A twittering tree is one in Yve Lomax text “A Twittering Noise”. It is not just a tree and a bird. It is a happening, an event – where the bird and the tree are inseparable at that moment. It is unclear where the tree ends and the bird begins. They are not as separate entities but as a single event, perhaps performance, but a one nonetheless.
Yet, how about us? How about me…or you? Are we ever one? Are we ever in isolation? We are born out of mother’s womb. Then we distance ourselves from the mother. And that distance increases.
But we are never one. Even when the mother is no longer there, we are never one. There are carers, teachers, friends, colleagues, fellow passengers on the trains, buses, cycling paths…At that point we form an event. An event full of possibilities of intimacy, of knowing of connection. We entangle ourselves in the maze of connections and disentangle… Sometimes we are moved towards others for pleasure – for joy of connectedness…other times for the goals, for things we need from them. Yet, we are never alone. We form and perform cohabitations with others.
“Comfort and happiness, in this scenario, are the result of aligning properly with the atmosphere you’re in. In other words, they-re affects of obedience: happiness is the feeling that proper behaviour generates. “To be willing to go against a social order, which is protected as a moral order, a happiness order, is to be willing to cause unhappiness, even if unhappiness is not your cause.”
“There is no way to win any justice without generating tremendous amounts of discomfort for ourselves first of all.”
“The question ahead is not just where we will arrive but, more frightening still, who will we be when we get there.”
Perhaps discomfort is something to look forward to rather than escape. Perhaps comfort is a place you need to allow yourself to step outside of. Yet, how to stay sane in discomfort. How to stay fully you when all around you is against you?
In collectivity? That’s the answer leftists provide. Perhaps, in having some comfort is the safe space for discomfort.
Thus, I keep asking myself, what is my comfort and what is my discomfort? Where is my point of struggle and which battle should I be fighting?
Where should I be fighting?
I have been constantly trying to pin down the difference of the reality here vs. back home, and I finally came across a sentence that materialises that feeling I could not grasp before – a society of pleasure seeking bodies. It probably exists back home too, but it (home) is a much more protected space where I am able to live without the desire to conform, without the desire to be accepted (because I am already loved).
It seems that the good and virtue in society is ones positive image. Such image enables acceptance. Yet, in the current reality infused by consumeristic desires – everything is reduced to ‘what is’. What is seen and tangible here and now, because there is no future. The reality is immediate here (without longevity), there is no certainty that there will be future, thus, the best left for us is to enjoy what currently is. No other certain dimension, no inner, no spiritual reality. Hence, a push towards being constantly happy and indulge in bodily pleasures while at the same time frowning upon those feelings of sadness.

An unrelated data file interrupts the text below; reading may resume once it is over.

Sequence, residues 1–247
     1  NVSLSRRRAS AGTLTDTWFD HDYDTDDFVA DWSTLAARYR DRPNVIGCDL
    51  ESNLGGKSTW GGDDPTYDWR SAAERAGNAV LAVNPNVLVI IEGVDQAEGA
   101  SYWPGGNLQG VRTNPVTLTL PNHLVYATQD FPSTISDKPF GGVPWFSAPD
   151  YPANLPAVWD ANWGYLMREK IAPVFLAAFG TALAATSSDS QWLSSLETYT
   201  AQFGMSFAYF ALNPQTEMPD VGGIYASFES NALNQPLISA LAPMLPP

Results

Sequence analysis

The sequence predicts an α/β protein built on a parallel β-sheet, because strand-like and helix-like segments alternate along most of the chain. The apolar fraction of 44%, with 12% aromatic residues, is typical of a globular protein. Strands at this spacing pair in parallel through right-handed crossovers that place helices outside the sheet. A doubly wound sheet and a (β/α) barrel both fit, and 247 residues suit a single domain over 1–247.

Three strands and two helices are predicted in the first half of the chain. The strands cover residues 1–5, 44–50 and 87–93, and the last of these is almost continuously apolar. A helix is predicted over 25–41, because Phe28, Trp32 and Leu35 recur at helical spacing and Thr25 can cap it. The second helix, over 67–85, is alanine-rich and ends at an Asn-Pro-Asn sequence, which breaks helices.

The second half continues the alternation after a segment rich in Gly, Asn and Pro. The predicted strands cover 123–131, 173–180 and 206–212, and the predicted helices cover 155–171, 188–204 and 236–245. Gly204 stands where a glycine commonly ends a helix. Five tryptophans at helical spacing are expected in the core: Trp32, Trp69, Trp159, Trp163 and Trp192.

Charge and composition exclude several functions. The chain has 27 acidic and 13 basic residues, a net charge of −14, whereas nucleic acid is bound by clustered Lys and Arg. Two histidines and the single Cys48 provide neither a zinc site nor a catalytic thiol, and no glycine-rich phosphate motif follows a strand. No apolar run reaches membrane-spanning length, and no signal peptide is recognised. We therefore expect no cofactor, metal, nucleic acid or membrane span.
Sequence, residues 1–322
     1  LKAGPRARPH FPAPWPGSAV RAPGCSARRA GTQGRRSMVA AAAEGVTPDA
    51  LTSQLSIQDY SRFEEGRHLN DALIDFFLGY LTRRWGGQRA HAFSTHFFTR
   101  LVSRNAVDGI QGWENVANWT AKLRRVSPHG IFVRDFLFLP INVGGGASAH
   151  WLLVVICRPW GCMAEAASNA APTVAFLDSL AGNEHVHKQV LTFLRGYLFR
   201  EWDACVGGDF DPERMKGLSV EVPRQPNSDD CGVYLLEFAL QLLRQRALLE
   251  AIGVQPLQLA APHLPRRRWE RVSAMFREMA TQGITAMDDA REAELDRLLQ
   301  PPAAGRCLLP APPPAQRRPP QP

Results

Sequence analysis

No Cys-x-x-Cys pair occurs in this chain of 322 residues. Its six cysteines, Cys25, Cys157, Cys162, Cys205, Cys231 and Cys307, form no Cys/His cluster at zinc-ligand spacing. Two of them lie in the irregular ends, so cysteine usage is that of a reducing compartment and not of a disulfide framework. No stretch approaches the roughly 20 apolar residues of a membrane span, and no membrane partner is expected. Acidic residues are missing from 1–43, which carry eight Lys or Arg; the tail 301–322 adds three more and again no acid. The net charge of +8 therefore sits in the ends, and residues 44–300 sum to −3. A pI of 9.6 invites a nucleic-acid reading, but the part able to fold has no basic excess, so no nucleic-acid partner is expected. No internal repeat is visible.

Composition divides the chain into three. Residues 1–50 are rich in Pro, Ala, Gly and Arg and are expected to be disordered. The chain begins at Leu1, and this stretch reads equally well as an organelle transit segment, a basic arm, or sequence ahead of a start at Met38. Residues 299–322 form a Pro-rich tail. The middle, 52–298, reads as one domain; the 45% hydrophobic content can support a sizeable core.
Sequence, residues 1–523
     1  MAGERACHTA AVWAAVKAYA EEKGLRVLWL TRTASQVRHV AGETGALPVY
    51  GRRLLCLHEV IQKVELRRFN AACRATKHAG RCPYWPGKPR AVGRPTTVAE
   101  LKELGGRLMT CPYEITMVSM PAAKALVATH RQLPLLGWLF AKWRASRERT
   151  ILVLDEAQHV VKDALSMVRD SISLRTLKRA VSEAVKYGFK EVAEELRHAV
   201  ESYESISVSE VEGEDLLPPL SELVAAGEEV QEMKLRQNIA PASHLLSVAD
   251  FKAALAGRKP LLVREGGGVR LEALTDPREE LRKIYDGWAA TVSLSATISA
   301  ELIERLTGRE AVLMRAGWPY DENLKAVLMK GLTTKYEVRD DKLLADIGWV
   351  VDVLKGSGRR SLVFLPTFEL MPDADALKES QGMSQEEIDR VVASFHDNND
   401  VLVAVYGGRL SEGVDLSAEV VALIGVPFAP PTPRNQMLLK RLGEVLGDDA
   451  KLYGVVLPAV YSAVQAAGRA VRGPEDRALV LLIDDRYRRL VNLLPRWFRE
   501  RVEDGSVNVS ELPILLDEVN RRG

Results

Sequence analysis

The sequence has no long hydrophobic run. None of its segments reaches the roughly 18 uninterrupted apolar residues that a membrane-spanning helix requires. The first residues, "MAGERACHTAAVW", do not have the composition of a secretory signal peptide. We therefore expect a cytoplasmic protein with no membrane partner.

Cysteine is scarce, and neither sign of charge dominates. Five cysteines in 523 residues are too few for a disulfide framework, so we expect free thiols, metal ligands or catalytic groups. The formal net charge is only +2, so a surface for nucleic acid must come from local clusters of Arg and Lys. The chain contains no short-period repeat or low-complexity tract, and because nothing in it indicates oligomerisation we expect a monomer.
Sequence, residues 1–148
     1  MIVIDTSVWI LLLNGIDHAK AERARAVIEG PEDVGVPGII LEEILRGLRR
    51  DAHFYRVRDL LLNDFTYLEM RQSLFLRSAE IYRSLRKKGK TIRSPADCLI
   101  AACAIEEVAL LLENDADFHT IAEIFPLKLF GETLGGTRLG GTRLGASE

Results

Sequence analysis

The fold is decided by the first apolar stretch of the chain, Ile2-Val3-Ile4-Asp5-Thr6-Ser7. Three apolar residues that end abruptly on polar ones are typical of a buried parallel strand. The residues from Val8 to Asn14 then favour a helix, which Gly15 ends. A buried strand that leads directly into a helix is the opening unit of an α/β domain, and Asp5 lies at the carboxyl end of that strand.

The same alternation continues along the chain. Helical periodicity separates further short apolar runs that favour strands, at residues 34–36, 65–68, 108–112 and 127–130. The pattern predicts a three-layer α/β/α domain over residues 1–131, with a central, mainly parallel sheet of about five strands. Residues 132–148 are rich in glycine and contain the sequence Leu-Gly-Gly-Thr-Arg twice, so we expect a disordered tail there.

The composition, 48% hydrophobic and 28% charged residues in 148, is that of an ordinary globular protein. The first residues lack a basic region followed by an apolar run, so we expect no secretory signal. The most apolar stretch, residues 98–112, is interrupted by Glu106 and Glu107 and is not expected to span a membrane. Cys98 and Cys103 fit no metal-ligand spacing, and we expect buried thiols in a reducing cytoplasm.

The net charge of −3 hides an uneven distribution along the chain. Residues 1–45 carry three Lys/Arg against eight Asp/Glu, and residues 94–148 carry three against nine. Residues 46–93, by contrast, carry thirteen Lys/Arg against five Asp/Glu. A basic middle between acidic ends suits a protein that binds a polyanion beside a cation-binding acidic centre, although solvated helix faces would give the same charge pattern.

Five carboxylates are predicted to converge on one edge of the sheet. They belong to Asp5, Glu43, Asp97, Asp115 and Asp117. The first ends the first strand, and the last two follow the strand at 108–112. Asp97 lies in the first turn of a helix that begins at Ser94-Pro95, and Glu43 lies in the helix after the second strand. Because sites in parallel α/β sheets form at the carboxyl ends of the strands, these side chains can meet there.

Consumption of goods, of bodies, of relationships of…everything that is out there.
One of my colleagues constantly buys new clothes. Dispose and purchase. Purchase and dispose. In continuum.
The desired lifestyle is that of an independent traveller, foodie, sporty, fashionista without commitment…and so without depth to explore what it could be, what it could be to grow deeper spiritually, to grow deeper emotionally. We are without attachments (and depths) to human relationships, nature, environment and…just bodies seeking satisfaction.
I dislike and I love London. Perhaps it is not ever possible to love something without hating it a little. There are flaws everywhere and every piece of beauty has it’s ugliness and danger within it. And every ugliness and hardship has beauty within it.
I went away to Edinburgh for the weekend and was immersed in my past. No – I have not been in this city before, but I stepped back in my life that has passed through a reunion of overtime neglected friendships. One of my friend studies in Edinburgh, the other came all the way across from another continent and one more stopped by from Berlin. It felt as if I have moved back 5 years and it was me, an old me, again. Yet slightly different, slightly changed. So, perhaps not the same. A simulacrum of who I am. The city, Edinburgh, felt strangely similar and familiar like any other UK city. Yet, unknown. Similarly – my friends. Being with them felt strangely familiar, yet different. Strangely uncomfortable. Strangely estranged. Yet comforting and peaceful at the same time. My ways of walking, observing, slowing down and constant financial struggle and their reliance on apps, seeing the world through the screen, the lense, cafes and uber, and freedom.